Following the contemplated transfer, the companies plans to terminate their NSM joint venture relationship.
NSM, which was established in March 2008 and is located in the Nagasaki Technology Center of Sony Semiconductor Kyushu Corporation (SCK), has been manufacturing the high-performance "Cell Broadband Engine" processor, the graphics engine "RSX" and other high-performance semiconductors and leading-edge SoC (system-on-a-chip) for applications in digital consumer products of Toshiba and Sony. The facilities to be transferred would be the fabrication facilities and equipment for the 300 mm wafer line located within the Nagasaki Technology Center purchased by Toshiba from Sony and SCK and leased to NSM in 2008 and other facilities that Toshiba and Sony will agree to transfer among those in which Toshiba invested in connection with the operation by NSM after the purchase.
After due diligence on the facilities to be transferred and continuing negotiations, Toshiba and Sony aim to execute definitive agreements (with respect to the contemplated transfer of the semiconductor fabrication facilities) as soon as possible before the end of the fiscal year ending March 31, 2011. Thereafter, Toshiba and Sony aim to complete the transfer early in the fiscal year ending March 31, 2012, subject to any necessary government approvals.
The move is part of Toshiba's effort to reconstruct its System LSI business, with the goal of boosting profitability.
Toward accelerating decision-making speed and optimizing use of management resources, Toshiba's systen LSI division will be reorganized into two: the Logic LSI Division, responsible for cutting-edge SoC (system-on-chip) fabricated on 300mm wafer fabrication lines; and the Analog and Imaging IC Division, which supplies key components for a wide range of products.
The Logic LSI Division will promote a flexible manufacturing strategy responsive to demand volatility by combining use of its own production line with outsourcing. The division will expand outsourcing of cutting-edge products, including 40nm products, to multiple foundries from fiscal year.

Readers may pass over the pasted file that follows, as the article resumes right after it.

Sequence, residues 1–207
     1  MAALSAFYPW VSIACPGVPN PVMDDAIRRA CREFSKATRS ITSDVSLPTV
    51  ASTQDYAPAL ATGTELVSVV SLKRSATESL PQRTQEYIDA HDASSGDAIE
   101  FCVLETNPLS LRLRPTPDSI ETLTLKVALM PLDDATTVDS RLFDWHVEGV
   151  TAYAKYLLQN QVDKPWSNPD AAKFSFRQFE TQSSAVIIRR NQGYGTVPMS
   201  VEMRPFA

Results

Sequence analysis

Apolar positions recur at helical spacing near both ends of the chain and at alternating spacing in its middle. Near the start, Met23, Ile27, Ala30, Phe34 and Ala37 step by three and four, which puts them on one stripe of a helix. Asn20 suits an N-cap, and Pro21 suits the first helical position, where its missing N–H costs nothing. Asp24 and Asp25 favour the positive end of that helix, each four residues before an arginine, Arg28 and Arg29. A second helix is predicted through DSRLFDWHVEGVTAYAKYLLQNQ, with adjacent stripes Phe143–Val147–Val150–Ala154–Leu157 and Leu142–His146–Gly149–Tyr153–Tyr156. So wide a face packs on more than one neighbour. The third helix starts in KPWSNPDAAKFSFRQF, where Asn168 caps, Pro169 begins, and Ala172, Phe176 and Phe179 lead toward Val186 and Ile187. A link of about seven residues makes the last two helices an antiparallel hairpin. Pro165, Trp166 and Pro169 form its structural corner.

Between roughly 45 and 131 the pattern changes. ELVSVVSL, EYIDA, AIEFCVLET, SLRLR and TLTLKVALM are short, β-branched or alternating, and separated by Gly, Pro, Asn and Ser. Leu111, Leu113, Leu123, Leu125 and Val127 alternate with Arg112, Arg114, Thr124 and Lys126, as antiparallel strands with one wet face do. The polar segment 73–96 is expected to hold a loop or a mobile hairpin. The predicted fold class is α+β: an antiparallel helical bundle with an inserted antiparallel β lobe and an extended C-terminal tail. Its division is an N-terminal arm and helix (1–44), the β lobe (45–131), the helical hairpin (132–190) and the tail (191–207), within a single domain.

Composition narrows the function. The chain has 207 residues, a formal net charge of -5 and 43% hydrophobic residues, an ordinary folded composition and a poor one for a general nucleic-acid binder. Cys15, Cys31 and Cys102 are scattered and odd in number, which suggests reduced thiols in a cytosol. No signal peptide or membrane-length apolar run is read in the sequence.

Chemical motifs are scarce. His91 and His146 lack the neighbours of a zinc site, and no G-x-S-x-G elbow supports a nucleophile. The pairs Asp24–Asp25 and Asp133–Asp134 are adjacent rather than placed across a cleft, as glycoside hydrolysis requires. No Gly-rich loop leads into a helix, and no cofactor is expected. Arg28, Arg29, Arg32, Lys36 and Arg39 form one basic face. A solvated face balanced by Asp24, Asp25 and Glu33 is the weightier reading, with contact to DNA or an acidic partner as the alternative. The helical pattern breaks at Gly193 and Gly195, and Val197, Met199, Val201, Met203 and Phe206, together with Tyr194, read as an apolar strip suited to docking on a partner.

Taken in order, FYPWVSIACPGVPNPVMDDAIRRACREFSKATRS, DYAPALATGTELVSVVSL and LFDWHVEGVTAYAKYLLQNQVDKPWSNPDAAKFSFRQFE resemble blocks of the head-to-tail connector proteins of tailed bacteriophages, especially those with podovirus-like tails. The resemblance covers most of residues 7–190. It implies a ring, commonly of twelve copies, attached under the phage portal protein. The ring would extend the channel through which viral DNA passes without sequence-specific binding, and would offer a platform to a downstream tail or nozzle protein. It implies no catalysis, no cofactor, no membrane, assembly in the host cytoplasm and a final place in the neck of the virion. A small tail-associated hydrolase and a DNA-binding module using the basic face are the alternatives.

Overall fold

The Analog and Imaging IC Division will concentrate on analog ICs and imaging ICs, particularly CMOS image sensors, and use existing production lines at Oita Operations, including 300mm wafer lines, and Iwate Toshiba Electronics Co., Ltd. The main focus will be general-purpose products, allowing the division to streamline its production lines. This approach is expected to support business expansion and to enhance profitability.
Sony will also invest approximately 100 billion yen in Sony Semiconductor Kyushu Corporation's Nagasaki Technology Center (Nagasaki TEC) in the fiscal year ending March 31, 2012, to increase the production capacity for CMOS image sensors.
This investment plan includes (i) the transfer of the semiconductor fabrication facilities from Toshiba (previously mentioned) , (ii) refurbishment of a part of the above semiconductor fabrication facilities into new wafer lines capable of manufacturing CMOS image sensors, and (iii) refurbishment and equipment of a part of production facilities at Nagasaki TEC Building 3 for wafer processing to differentiate Sony's CMOS image sensors with Sony's independently developed technologies. Through the investment plan, Sony will utilize a governmental subsidy (Japanese) to be provided by the Ministry of Economy, Trade and Industry in Japan.
Sony believes that these investments will strengthen the company's production capacity for "Exmor" and "Exmor R" CMOS image sensors in order to meet increased demand from markets such as those for smartphones and Digital Still Cameras.
In addition to the approximately 40 billion yen investment in Sony Semiconductor Kyushu Corporation's Kumamoto Technology Center (announced on September 1, 2010), Sony's total production capacity for CCD and CMOS image sensors will increase from the current level of approximately 25,000 wafers per month to approximately 50,000 wafers per month by the end of March 2012.
Toshiba is also planning to outsource output of some system chips to "rival" Samsung Electronics.
For new orders for the next financial year beginning in April, Toshiba will design cutting-edge system chips but will outsource production to Samsung, and maybe other foundries, to avoid costly capital investment outlays.
The Nikkei business daily said Samsung was chosen as it has advanced technologies and the ability to churn out large numbers of high-performance chips at low cost.
Samsung's system chips division has seen strong growth this year, driven by robust demand for mobile application processors and image sensors.